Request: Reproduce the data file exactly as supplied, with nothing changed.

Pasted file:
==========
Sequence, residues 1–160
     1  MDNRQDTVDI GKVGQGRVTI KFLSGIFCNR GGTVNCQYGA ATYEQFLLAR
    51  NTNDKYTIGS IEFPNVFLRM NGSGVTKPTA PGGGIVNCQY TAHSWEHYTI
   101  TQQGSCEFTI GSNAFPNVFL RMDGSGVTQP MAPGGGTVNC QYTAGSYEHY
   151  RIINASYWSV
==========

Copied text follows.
Sequence, residues 1–160
     1  MDNRQDTVDI GKVGQGRVTI KFLSGIFCNR GGTVNCQYGA ATYEQFLLAR
    51  NTNDKYTIGS IEFPNVFLRM NGSGVTKPTA PGGGIVNCQY TAHSWEHYTI
   101  TQQGSCEFTI GSNAFPNVFL RMDGSGVTQP MAPGGGTVNC QYTAGSYEHY
   151  RIINASYWSV